Permitting was in process when Oil Search arrived in Alaska, and a Record of Decision is expected late first quarter 2019 allowing for front end engineering and design to begin on facilities and drill sites. If all goes well, Oil Search has said it could reach first oil in the early 2020s with development costs of 146 wells and associated pads at about $5 billion.
The last project we’ll discuss today is also targeting that hot Nanushuk play, exploring how far south the trend goes and how far east and west it might extend. The current thinking is that the Nanushuk is comma shaped and there’s still lots of exploration work to be done to define its limits.
The Winx prospect is being operated by Great Bear and ownership includes Australian companies Otto Energy, 88 Energy, and Red Emperor. Estimated to cost $15 million, the Winx-1 well, about 13 miles south of the village of Nuiqsut, is going after an estimated 400 million barrel find based on 3D seismic imaging of the area and buoyed by the results of the nearby Horseshoe and Putu wells. As of February 5th, the ice road and pad had been constructed and the rig was on its way to the drill site for a February 15th anticipated spud date.
With and exploration project like Winx, there’s less certainty about what might be found so there isn’t public discussion of first oil, facilities, or rates per day yet. The Winx-1 well will help to answer many of those questions and companies can then determine how much oil is recoverable, how many wells and what design would work best to drain the reservoir, and of course, how to transport and process the liquids once they’re produced. It’s great for Alaska to have projects at various stages, and great to see exploration happening again. It’s worth noting that the nearly $11 billion in capital projected to be spent over the next five to seven years is being done so without the benefit of traditional cash credits.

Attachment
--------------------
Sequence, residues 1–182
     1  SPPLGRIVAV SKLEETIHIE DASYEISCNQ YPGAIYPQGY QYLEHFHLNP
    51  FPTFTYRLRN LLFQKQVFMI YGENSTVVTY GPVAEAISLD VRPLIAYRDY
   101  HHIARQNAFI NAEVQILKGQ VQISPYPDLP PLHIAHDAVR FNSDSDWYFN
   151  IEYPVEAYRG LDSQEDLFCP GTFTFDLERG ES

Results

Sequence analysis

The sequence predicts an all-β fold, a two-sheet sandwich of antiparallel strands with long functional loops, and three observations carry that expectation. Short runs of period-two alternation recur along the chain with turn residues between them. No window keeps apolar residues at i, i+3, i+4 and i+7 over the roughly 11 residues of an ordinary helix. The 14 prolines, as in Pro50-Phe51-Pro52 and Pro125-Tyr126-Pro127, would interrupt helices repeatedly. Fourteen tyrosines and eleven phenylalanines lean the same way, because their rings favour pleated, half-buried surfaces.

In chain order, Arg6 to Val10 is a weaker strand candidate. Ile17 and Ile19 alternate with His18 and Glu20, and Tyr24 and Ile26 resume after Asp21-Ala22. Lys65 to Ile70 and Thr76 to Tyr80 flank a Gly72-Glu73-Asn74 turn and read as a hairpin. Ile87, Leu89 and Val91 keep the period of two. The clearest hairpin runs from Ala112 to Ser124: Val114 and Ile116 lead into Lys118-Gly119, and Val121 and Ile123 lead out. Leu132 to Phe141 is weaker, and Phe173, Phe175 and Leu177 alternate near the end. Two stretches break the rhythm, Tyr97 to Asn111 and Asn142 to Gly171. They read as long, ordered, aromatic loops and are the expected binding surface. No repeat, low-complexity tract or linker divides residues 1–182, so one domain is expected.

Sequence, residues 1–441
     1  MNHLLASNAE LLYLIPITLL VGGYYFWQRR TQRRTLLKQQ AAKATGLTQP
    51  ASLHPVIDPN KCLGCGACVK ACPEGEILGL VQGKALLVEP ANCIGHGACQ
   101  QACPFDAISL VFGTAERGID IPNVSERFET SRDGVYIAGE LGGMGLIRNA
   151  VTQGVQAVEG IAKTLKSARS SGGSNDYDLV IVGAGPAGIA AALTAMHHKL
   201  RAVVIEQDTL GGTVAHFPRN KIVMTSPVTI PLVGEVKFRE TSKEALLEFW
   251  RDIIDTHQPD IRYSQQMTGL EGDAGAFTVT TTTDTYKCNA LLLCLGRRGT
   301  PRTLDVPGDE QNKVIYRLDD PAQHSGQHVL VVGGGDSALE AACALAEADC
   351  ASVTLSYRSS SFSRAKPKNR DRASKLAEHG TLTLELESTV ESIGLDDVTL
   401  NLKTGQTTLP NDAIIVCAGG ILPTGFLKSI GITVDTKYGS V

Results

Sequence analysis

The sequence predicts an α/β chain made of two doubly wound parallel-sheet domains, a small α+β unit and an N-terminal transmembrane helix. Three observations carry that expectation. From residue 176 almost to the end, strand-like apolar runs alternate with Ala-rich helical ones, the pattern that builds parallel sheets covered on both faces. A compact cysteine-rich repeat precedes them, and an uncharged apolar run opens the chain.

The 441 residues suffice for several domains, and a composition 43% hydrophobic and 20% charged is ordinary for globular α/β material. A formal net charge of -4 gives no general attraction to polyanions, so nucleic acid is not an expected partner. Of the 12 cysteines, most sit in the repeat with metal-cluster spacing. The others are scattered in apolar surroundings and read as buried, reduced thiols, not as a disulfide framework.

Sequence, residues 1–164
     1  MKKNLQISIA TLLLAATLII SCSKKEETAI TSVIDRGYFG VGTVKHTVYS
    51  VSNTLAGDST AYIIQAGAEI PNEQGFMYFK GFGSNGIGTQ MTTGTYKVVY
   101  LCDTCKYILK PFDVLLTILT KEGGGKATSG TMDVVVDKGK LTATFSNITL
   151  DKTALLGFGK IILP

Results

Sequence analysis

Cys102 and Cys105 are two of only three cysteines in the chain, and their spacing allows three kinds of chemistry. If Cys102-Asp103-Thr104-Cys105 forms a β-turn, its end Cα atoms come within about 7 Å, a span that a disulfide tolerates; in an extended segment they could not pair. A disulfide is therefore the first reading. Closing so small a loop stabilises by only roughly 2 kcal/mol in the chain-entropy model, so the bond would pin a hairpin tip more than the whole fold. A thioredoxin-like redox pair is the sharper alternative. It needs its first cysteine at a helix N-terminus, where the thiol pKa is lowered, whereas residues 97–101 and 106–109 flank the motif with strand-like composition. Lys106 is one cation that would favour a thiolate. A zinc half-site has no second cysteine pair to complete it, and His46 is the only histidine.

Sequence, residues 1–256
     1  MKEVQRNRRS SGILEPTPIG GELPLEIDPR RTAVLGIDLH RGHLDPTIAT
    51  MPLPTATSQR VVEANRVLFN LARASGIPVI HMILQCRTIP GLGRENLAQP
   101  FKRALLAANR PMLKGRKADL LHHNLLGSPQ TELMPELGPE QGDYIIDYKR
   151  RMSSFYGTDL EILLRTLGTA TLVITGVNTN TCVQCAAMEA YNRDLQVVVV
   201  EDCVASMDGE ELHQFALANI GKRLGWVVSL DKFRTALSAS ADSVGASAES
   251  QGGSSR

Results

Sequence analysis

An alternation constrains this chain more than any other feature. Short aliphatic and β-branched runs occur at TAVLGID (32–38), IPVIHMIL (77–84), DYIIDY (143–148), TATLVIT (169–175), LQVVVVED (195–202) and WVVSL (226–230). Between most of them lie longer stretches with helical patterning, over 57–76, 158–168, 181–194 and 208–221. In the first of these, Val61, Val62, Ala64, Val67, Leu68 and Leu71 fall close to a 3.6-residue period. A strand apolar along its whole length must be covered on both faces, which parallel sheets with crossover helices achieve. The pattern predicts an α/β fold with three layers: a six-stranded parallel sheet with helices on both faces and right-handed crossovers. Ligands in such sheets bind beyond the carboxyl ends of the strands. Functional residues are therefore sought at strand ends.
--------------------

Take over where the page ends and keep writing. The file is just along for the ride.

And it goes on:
All of these fields intend to produce from the Nanushuk formation. It’s this rock formation, and the Torok, that have been driving much of the excitement over the past few years. In 2017, the USGS released an assessment of the Nanshuk and Torok formations and found that, at mean estimates, the Nanushuk and Torok formations could contain up to 8.7 billion barrels of recoverable oil.
The Nanushuk play is driving a ton of interest to Alaska which explains why you’ve heard words like superbasin and renaissance thrown around. There is cause for excitement with the discovery of possibly 2 billion barrel fields within the past two years or so and with exploration beginning again. In the next few columns I’ll hit on some of the non-Nanushuk projects being looked at like Moose Pad, ANWR, and some of the exploration happening at Kuparuk as well as the other resource development projects happening around the state (like Graphite One!).